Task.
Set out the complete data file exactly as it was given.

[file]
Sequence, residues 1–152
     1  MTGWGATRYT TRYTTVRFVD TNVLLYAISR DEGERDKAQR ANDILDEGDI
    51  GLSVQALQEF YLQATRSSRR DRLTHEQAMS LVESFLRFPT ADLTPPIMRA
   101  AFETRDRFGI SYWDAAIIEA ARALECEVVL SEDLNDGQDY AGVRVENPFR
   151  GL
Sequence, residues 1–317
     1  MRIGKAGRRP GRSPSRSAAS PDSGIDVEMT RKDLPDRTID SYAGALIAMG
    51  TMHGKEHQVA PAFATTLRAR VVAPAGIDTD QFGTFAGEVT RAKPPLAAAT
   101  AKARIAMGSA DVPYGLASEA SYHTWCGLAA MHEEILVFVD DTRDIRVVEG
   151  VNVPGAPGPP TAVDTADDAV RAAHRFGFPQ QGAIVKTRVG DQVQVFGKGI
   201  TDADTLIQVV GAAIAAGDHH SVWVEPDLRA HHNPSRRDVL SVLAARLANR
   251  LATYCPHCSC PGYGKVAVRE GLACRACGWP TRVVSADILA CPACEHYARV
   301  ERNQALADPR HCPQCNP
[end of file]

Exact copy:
Sequence, residues 1–152
     1  MTGWGATRYT TRYTTVRFVD TNVLLYAISR DEGERDKAQR ANDILDEGDI
    51  GLSVQALQEF YLQATRSSRR DRLTHEQAMS LVESFLRFPT ADLTPPIMRA
   101  AFETRDRFGI SYWDAAIIEA ARALECEVVL SEDLNDGQDY AGVRVENPFR
   151  GL
Sequence, residues 1–317
     1  MRIGKAGRRP GRSPSRSAAS PDSGIDVEMT RKDLPDRTID SYAGALIAMG
    51  TMHGKEHQVA PAFATTLRAR VVAPAGIDTD QFGTFAGEVT RAKPPLAAAT
   101  AKARIAMGSA DVPYGLASEA SYHTWCGLAA MHEEILVFVD DTRDIRVVEG
   151  VNVPGAPGPP TAVDTADDAV RAAHRFGFPQ QGAIVKTRVG DQVQVFGKGI
   201  TDADTLIQVV GAAIAAGDHH SVWVEPDLRA HHNPSRRDVL SVLAARLANR
   251  LATYCPHCSC PGYGKVAVRE GLACRACGWP TRVVSADILA CPACEHYARV
   301  ERNQALADPR HCPQCNP